Air and Liquid Systems Corp. v. Devries (Decision March 19, 2019)
Supreme Court declares a rule on products liability under maritime law
The widows of two navy shipmen received a favorable ruling in the Supreme Court. Their husbands worked on navy ships during years when asbestos insulation was used on the ships. The sailors later developed cancer that the widows argue was caused by exposure to asbestos in the ship parts.
The widows sued two companies which had shipped navy engine parts and potentially caused their husbands’ illnesses. But these companies were involved only before the asbestos was added. Can they be responsible for failing to warn of the dangerous product that would be added later?
The Supreme Court ruled: yes, in certain circumstances. Under maritime law, product manufacturers that know (or have reason know) that a product is likely to be dangerous when integrated and used as intended have a duty to warn if they can’t assume the users will realize the danger.
Liability in the “chain of manufacture”
In modern products liability law, any party in the “chain of manufacture” can be liable for harm caused by those products. But Air and Liquid Systems Corp. and Ingersoll Rand — two of the defendants the widows sued -- claimed they can’t be responsible because their products didn’t contain asbestos. It was only later that asbestos insulation would be added. As the lower court explained:
A classic scenario would be if an engine manufacturer ships an engine without a gasket, the buyer adds a gasket containing asbestos, and the asbestos causes injury to a worker. May the manufacturer be held liable?
While, Air and Liquid Systems and Ingersoll Rand might have been involved in the chain of production that resulted in a harmful product, the companies claimed they didn’t actually have anything to do with the harmful part. Does that count for “chain of manufacture” liability?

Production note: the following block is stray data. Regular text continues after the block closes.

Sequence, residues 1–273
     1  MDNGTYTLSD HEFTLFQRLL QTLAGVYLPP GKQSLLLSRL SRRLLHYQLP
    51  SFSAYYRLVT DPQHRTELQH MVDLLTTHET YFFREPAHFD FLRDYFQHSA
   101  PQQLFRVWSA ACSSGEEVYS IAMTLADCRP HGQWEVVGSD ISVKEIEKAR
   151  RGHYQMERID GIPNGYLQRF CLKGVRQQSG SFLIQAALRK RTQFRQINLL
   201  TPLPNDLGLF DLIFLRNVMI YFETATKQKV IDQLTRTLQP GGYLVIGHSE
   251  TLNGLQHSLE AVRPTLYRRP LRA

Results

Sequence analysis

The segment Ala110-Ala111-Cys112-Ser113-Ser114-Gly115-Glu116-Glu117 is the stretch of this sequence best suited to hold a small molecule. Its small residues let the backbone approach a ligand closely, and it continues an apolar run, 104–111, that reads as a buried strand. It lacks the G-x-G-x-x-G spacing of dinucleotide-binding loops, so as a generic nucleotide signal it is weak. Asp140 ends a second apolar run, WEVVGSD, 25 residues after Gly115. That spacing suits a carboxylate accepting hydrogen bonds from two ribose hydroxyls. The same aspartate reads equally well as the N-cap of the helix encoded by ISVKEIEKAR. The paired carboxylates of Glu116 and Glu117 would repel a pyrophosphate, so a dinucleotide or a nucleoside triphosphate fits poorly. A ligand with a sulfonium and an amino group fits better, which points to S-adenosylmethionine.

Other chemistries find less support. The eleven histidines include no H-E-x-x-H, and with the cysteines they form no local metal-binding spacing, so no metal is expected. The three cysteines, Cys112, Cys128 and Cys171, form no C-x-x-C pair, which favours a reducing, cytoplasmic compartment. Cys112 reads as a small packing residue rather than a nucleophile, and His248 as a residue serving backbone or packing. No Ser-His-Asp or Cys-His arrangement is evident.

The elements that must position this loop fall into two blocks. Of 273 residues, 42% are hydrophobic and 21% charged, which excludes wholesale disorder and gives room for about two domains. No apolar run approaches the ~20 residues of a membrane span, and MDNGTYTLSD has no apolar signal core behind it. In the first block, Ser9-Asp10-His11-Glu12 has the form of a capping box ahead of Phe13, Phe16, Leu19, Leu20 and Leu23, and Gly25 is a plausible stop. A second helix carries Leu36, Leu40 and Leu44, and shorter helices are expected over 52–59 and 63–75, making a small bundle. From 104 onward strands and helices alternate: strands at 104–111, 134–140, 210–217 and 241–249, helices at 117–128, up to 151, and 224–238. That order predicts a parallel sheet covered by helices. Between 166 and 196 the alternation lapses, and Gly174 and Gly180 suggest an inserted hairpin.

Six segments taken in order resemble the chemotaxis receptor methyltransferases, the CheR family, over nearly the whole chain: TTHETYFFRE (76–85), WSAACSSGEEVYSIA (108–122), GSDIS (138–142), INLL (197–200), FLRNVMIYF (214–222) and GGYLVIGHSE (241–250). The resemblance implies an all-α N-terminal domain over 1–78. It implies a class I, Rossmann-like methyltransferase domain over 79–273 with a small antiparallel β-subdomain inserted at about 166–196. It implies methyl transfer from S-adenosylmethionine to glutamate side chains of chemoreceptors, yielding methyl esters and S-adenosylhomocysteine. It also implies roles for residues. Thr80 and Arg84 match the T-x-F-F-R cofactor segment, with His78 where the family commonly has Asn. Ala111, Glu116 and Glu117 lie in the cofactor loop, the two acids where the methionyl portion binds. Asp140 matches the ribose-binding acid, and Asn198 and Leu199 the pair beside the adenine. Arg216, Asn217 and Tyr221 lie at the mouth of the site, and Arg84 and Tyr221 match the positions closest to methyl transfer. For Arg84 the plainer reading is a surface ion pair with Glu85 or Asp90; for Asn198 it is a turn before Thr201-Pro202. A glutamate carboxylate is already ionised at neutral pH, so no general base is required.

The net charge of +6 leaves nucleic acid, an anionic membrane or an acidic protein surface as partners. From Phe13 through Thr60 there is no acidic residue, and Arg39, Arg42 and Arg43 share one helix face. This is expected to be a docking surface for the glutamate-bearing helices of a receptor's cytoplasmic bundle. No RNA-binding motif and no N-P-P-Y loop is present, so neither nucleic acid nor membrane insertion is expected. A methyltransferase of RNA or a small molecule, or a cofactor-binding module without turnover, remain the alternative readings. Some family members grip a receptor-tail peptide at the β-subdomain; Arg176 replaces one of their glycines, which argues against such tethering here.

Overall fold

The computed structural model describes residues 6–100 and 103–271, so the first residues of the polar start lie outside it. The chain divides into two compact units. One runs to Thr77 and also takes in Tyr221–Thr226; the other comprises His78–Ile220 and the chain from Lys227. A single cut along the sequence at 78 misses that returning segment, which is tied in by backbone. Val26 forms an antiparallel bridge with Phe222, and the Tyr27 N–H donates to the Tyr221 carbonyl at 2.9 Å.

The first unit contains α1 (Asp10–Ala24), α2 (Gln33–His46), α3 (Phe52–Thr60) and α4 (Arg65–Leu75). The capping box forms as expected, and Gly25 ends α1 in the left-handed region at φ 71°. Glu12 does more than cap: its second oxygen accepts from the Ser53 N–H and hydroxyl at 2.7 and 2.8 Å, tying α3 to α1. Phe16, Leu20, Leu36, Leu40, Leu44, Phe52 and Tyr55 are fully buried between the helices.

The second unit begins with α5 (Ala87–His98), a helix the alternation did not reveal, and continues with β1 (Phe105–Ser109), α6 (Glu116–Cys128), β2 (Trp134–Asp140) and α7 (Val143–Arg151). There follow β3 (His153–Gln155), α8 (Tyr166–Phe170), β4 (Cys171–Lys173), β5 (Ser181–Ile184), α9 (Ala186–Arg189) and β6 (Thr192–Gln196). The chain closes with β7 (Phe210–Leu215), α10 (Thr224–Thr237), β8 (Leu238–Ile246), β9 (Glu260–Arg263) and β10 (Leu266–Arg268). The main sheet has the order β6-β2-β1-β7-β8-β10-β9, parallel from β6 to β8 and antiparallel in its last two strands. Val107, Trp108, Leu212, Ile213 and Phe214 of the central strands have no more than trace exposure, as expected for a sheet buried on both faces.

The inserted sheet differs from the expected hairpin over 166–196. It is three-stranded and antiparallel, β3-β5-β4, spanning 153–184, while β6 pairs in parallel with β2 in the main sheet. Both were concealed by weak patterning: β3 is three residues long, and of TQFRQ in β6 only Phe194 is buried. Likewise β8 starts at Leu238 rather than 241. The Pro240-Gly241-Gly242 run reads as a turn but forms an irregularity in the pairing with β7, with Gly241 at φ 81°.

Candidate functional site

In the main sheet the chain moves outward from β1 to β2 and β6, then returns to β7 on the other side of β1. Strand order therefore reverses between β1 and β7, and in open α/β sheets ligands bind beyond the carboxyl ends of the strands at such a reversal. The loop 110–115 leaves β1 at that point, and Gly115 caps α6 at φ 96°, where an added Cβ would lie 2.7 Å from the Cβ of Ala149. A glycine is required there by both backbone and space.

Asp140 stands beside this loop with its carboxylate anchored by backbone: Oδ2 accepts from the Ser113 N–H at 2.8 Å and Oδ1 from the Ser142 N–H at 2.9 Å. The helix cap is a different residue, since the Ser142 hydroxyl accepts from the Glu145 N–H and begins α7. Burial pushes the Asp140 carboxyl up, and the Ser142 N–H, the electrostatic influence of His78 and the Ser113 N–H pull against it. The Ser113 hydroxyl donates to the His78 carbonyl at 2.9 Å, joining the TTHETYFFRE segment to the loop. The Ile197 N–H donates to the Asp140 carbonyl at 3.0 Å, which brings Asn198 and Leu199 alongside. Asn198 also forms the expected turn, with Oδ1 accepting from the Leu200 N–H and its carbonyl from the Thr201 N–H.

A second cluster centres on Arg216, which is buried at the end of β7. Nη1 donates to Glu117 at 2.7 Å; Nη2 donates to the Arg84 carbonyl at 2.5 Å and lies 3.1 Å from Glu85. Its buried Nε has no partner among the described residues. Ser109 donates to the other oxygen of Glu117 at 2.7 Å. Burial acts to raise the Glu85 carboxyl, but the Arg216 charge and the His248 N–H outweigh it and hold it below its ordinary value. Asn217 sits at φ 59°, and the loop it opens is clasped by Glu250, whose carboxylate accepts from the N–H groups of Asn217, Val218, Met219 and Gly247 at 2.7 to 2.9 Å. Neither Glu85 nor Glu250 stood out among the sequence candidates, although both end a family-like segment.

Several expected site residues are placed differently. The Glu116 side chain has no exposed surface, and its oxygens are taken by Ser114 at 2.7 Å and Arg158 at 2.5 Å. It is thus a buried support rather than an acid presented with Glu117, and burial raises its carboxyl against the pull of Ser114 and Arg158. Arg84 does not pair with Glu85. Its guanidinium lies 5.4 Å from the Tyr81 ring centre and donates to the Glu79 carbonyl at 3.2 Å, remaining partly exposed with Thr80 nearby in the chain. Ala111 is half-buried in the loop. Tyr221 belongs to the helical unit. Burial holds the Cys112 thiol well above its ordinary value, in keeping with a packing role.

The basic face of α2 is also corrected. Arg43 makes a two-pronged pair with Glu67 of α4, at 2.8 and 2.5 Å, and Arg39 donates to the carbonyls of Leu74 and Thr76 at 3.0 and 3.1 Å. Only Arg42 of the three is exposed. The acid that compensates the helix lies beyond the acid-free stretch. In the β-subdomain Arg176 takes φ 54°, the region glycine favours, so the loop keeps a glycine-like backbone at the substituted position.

Supreme Court ruling
The Supreme Court considered three routes in deciding the question.
First option: Perhaps the “bare-metal” shippers would not be liable at all.
Second option: The shipper could be liable if it was “foreseeable” that the asbestos would be added later (even if the product didn’t necessarily require the dangerous product for its intended use).
Third option: A middle ground. In order for a “bare-metal” shipper to be liable, the shipper would have to know or have reason to know that the dangerous product would be added for the part to be used as intended; and furthermore, the shipper has no reason to know that the users would realize the danger.
The Court went with the third option, the middle ground. The six-member majority explained, the duty to warn will be triggered (the middle ground satisfied) in all of the following circumstances:
(i) a manufacturer directs that the part be incorporated; (ii) a manufacturer itself makes the product with a part that the manufacturer knows will require replacement with a similar part; or (iii) a product would be useless without the part.
Maritime law factor
In making its decision, the Supreme Court acknowledged (just as the lower court before it did) that maritime law is especially supportive of sailors. Maritime rules are meant to help out sailors more than regular “common law” would help plaintiffs. This factor suggested that the bare-metal defense would be too bare to provide the protections to sailors that maritime law intends.
The dissent, written by Gorsuch and joined by Thomas and Alito, would have gone with the “bare-metal” defense and not imposed liability on the shippers.